Watershed Symposium 2018 has ended
Welcome to the official website of the 12th Annual Salt Lake County Watershed Symposium, November 14-15, 2018!  Free and open to all, the Symposium encourages a comprehensive review of the current state of our watershed while creating learning and networking opportunities for a broad array of stakeholders. Sessions cover a broad range of topics on water quality and watershed issues with local, regional, and national relevance. Hosted annually by Salt Lake County Watershed Planning & Restoration.

Powerpoints and audio recordings are available.  Click on a session and scroll down to the attached files.
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Wednesday, November 14 • 3:20pm - 3:50pm
Green Streets: Improving Water Quality and Increasing Conservation

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Green Streets: Improving Water Quality and Increasing Conservation

Green streets offer a great opportunity to get multiple benefits out of critical infrastructure. Green streets can be incorporated into street capital improvement plans to reduce overall costs and increased benefits.

Full Abstract
Green streets offer a great opportunity to get multiple benefits out of critical infrastructure. Coordination of green street development to strategically fit into capital improvement programs for both streets and water quality infrastructure is a cost efficient way to improve water quality, improve street aesthetics, and increase water conservation by recharging aquifers. Developing a systematic approach for adding green streets to a capital improvement program requires assessing which streets require repair, determining the potential of the street locations for groundwater recharge, developing standard plans and approaches that are acceptable to the road maintenance and construction groups, and determining funding sources for the various aspects of the project. Green streets can range in construction from traditional streets with inlets for median bioswales, pervious pavements or pavers that allow direct infiltration, capture and irrigation reuse systems, street planter box systems for improved water quality, etc... Design of green streets can be flexible enough to meet the specific requirements of any agency. This presentation provides discussion on a systematic analysis approach for determining which streets are candidates for green street approaches in a CIP. The approach was used to successfully develop planning level maps ranking potential green streets within two watersheds. Examples of green streets that have recently been developed in several cities in Southern California will be discussed to show the versatility of the green street concepts and stimulate ideas.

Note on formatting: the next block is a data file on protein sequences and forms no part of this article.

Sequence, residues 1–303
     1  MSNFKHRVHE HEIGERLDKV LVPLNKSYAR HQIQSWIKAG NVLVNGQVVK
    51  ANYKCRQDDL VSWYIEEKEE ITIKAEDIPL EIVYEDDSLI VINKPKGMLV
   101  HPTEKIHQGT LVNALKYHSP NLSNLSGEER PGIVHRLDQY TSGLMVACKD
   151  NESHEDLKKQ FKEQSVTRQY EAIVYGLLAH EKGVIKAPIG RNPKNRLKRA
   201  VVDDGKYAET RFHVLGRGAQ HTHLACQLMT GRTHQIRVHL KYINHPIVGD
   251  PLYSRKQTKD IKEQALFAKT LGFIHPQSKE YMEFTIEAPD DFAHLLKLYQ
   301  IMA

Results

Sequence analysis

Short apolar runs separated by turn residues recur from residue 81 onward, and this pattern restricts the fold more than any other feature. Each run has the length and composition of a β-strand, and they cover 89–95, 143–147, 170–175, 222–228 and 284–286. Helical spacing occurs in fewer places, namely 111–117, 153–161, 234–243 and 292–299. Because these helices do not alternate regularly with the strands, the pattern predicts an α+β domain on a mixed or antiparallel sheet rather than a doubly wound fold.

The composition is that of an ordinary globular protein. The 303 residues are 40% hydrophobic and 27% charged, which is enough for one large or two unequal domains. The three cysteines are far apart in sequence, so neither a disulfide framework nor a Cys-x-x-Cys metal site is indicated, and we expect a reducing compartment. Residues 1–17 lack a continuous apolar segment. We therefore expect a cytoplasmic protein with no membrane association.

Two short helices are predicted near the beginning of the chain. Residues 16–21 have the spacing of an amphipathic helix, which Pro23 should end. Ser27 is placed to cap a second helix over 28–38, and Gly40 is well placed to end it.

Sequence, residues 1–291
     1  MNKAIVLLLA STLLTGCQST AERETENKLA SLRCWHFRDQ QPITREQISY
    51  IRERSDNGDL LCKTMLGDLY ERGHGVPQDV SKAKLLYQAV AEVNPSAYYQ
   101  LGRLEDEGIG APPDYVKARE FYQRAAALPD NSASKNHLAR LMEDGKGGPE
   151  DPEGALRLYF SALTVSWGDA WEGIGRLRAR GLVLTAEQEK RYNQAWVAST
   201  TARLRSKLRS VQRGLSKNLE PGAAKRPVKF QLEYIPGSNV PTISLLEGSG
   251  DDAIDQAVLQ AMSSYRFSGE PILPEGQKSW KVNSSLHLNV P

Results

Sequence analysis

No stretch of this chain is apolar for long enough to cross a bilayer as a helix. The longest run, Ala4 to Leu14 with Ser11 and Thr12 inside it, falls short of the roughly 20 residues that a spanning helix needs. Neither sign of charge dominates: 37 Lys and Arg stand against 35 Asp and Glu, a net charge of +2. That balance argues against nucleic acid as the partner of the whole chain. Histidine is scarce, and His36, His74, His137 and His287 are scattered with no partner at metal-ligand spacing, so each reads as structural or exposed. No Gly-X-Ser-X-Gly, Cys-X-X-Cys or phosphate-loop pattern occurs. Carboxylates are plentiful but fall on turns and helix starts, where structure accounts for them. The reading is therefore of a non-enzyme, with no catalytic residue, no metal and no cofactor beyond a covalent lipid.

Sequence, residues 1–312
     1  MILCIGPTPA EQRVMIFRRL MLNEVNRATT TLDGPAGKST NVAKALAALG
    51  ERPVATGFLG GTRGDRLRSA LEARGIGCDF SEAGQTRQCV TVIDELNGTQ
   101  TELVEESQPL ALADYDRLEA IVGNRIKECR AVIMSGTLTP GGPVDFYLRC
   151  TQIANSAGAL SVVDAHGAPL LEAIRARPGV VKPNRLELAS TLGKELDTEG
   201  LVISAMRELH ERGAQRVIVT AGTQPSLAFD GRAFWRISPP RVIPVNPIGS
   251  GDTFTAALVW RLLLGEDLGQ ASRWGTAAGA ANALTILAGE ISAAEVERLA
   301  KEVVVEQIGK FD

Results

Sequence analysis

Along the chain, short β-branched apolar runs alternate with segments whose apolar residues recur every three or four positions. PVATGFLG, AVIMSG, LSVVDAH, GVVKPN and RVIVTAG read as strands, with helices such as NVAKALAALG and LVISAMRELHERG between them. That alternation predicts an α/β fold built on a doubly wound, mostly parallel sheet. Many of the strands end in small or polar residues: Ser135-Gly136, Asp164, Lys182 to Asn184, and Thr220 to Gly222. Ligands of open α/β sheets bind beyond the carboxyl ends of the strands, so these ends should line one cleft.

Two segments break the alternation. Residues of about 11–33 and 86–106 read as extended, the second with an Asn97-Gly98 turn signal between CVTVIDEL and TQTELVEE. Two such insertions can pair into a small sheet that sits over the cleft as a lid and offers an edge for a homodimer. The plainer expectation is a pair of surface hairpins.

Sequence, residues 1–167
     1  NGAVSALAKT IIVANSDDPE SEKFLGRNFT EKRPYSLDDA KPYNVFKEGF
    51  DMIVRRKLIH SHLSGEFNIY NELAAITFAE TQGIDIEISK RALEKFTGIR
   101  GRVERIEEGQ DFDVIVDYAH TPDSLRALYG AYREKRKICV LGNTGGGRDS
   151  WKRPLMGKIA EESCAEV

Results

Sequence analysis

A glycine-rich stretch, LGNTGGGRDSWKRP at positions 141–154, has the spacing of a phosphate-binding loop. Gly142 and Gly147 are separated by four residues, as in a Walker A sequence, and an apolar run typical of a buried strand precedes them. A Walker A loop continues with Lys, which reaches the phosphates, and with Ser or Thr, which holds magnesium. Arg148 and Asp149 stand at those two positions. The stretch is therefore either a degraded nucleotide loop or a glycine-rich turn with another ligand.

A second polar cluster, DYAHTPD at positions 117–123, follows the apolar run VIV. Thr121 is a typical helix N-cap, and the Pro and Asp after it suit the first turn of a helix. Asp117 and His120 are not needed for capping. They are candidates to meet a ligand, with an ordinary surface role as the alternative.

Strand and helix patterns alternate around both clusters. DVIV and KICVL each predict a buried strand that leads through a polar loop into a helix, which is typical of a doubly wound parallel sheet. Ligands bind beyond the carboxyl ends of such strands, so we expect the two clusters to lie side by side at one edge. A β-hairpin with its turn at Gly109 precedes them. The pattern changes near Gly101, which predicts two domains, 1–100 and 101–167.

City of Los Angeles Laurel Canyon Boulevard Green Street – This project included sidewalk improvements and bioswales along 1,300 linear feet of Laurel Canyon Boulevard for LA Sanitation – City of Los Angeles and the Los Angeles Conservation Corps. The project provides increased groundwater recharge, reduces flooding impacts, protects compatible beneficial uses, and improves the neighborhood quality of life. The project collects stormwater runoff from an approximately 120-acre drainage area.

City of Los Angeles University Park Rain Gardens - CWE designed standardized sidewalk planters (rain gardens) to treat stormwater runoff to help address the Santa Monica Bay Beaches Bacteria Total Maximum Daily Load (TMDL). The stormwater planters qualify as Best Management Practices (BMPs) and Low Impact Development (LID) solutions. The project involved demolition and reconstruction of parkways, curbs, and gutters so the planters could be constructed within the public right-of-way.

City of Claremont Foothill Boulevard Master Plan Implementation – The master plan implementation included storm drains, bioswales, and water quality systems and structures over a 2.5-mile stretch of roadway as part of the Foothill Boulevard Master Plan. These improvements included approximately 1,000 feet of new storm drain, minor roadway and intersection improvements, pedestrian improvements, restriping, infill sidewalks, minor lighting improvements, bicycle lanes and protected bicycle lanes, turf removal and drought-tolerant landscaping installation in medians and some parkway areas, bioswales, and stormwater percolation devices.


Vik Bapna

Principal, CWE
Vik Bapna is a recognized expert managing multiuse projects that improve water quality, reduce pollutants of concern, and enhance local communities. Vik has 27 years of experience in the planning, design, and construction of more than $200 million worth of civil engineering projects... Read More →

Steve Bell

Civil Engineer, CWE
Steve is a professional engineer with 11 years of experience. He has provided project management, developed erosion control and project-specific construction plans, and prepared technical reports on behalf of private, state, local, and tribal clients to achieve compliance with regulations... Read More →
avatar for Ben Willardson

Ben Willardson

Director of Water Resources, CWE
Dr. Ben Willardson is CWE’s Director of Water Resources. He has been heavily involved in the implementation of stormwater management programs for compliance with NPDES Permit requirements and has guided the development of methodologies to evaluate the effective use of BMPs. His... Read More →

Wednesday November 14, 2018 3:20pm - 3:50pm MST
Lower Level - Ballroom A/B Utah Cultural Celebration Center, 1355 W 3100 S, West Valley City, UT 84119